“If we stock the range fully this fall,” said Joel, in outlining his plans, “it is my intention to build an emergency camp on this creek, in case of winter drifts. Build a dug-out in some sheltered nook, cache a little provision and a few sacks of corn, and if the cattle break the line, we can ride out of snug quarters any morning and check them. It beats waiting for a wagon and giving the drift a twenty-mile start. We could lash our blankets on a pack horse and ride it night or day.”
“What a long head!” approvingly said Sargent. “Joel, you could almost eat out of a churn. An emergency camp on the Prairie Dog is surely a meaty idea. But that’s for next winter, and beef shipping’s on in full blast right now. Let’s ride; supper’s waiting on the Beaver.”
LIVING IN THE SADDLE
The glow of a smouldering camp-fire piloted the returning horsemen safely to their wagon. A good night’s rest fitted them for the task of the day, which began at sunrise. The next shipment would come from the flotsam of the year before, many of which were heavy beeves, intended for army delivery, but had fallen footsore on the long, drouthy march. The past winter had favored the lame and halt, and after five months of summer, the bulk of them had matured into finished beef.
By shipping the different contingents separately, the brothers were enabled to know the situation at all times. No accounts were kept, but had occasion required, either Joel or Dell could have rendered a statement from memory of returns on the double and single wintered, as well as on the purchased cattle. Sale statements were furnished by the commission house, and by filing these, an account of the year’s shipments, each brand separate, could be made up at the end of the season.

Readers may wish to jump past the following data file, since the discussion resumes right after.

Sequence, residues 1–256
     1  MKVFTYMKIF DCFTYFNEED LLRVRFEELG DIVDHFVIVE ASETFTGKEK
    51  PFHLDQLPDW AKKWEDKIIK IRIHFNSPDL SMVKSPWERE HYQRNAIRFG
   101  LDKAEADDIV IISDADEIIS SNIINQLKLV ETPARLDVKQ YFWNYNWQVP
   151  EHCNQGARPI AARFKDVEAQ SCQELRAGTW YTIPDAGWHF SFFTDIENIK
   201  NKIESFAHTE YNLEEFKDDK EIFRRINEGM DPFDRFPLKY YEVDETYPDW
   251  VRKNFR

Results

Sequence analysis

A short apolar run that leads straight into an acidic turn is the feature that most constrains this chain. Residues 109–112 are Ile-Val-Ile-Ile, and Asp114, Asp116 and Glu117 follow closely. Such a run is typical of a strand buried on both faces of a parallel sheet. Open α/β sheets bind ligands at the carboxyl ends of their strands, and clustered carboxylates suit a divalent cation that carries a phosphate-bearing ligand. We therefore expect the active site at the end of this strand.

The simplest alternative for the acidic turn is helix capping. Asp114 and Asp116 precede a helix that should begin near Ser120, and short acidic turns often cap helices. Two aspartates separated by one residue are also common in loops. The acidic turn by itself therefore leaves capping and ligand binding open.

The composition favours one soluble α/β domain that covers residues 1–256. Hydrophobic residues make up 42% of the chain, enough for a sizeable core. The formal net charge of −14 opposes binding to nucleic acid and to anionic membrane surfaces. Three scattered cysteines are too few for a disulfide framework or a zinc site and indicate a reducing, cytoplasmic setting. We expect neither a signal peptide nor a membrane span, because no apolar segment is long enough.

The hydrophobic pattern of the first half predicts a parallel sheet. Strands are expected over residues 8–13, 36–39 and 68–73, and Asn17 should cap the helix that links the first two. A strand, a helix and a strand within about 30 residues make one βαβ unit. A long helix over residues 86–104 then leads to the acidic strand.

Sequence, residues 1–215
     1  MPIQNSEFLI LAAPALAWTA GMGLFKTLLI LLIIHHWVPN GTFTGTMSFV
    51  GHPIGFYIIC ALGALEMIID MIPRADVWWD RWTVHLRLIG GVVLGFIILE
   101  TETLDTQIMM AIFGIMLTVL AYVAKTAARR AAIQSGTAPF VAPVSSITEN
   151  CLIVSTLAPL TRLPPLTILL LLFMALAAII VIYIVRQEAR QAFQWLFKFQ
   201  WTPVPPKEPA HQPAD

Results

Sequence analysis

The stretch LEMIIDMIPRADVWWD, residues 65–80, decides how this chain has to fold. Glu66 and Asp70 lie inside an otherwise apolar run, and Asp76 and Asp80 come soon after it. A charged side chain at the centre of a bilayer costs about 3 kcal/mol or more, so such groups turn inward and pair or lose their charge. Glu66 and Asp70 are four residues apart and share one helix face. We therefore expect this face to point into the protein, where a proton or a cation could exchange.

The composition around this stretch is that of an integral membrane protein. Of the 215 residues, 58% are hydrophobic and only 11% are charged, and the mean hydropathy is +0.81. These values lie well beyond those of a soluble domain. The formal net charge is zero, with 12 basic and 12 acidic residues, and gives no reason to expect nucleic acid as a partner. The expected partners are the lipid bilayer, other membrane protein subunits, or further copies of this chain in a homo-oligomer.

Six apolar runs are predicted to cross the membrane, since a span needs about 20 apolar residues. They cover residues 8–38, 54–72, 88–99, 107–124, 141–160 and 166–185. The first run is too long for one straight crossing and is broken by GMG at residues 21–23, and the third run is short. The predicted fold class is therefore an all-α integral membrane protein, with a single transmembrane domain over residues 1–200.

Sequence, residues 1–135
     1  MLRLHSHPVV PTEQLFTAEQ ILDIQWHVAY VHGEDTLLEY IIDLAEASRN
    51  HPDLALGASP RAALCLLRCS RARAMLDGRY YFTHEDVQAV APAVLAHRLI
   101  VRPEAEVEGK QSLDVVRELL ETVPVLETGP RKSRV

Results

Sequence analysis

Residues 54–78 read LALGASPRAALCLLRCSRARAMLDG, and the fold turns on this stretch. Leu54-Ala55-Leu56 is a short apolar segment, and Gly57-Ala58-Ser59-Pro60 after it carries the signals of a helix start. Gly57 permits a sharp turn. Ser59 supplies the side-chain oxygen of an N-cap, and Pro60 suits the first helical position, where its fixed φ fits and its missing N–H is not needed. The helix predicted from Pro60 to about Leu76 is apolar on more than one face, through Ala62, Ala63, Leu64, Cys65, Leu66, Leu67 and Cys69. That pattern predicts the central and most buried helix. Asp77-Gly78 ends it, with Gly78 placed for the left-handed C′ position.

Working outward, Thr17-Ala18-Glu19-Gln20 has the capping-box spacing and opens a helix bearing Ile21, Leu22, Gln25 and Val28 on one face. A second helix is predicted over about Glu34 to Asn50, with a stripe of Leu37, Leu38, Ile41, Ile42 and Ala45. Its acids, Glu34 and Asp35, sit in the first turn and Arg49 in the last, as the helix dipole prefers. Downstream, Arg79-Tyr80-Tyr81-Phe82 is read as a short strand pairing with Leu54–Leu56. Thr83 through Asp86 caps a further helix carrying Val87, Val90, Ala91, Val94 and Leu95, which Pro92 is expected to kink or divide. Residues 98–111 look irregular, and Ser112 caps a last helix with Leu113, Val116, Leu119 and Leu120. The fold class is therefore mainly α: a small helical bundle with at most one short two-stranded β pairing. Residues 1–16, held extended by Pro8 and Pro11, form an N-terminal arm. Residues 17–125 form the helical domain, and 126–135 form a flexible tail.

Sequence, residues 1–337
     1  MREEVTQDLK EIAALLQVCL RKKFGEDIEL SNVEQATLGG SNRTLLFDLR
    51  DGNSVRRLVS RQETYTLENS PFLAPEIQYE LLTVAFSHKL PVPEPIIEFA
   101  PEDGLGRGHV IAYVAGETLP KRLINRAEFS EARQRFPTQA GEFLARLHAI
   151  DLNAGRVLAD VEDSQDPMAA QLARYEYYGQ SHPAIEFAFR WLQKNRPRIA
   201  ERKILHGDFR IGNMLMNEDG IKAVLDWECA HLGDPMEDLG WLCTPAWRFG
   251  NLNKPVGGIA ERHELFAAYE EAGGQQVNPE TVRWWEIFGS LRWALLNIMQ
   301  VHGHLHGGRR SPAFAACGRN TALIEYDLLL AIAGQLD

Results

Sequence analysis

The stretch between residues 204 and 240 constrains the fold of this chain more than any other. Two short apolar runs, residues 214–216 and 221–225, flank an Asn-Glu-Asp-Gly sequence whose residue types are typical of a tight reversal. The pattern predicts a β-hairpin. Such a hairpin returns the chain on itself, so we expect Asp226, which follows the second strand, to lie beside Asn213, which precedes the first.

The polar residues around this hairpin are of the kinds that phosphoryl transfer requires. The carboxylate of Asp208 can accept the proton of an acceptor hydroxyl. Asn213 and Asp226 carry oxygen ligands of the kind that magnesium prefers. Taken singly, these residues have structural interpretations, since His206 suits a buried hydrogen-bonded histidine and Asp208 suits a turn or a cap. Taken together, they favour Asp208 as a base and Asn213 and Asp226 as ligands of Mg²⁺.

The early struggle of Wells Brothers, in stocking their range, was now happily over. Instead of accepting the crumbs which fell as their portion, their credit and resources enabled them to choose the class of cattle which promised growth and quick returns. The range had proven itself in maturing beef, and the ranch thereafter would carry only sufficient cows to quiet and pacify its holdings of cattle.
“If this was my ranch,” said Sargent to the brothers at breakfast, “I’d stock it with two-year-old steers and double-winter every hoof. Look over those sale statements and you’ll see what two winters mean. That first shipment of Lazy H’s was as fat as mud, and yet they netted seven dollars a head less than those rag-tag, double-wintered ones. There’s a waste that must be saved hereafter.”
“That’s our intention,” said Joel. “We’ll ship out every hoof that has the flesh this year. Nearly any beef will buy three two-year-old steers to take his place. It may take another year or two to shape up our cattle, but after that, every hoof must be double-wintered.”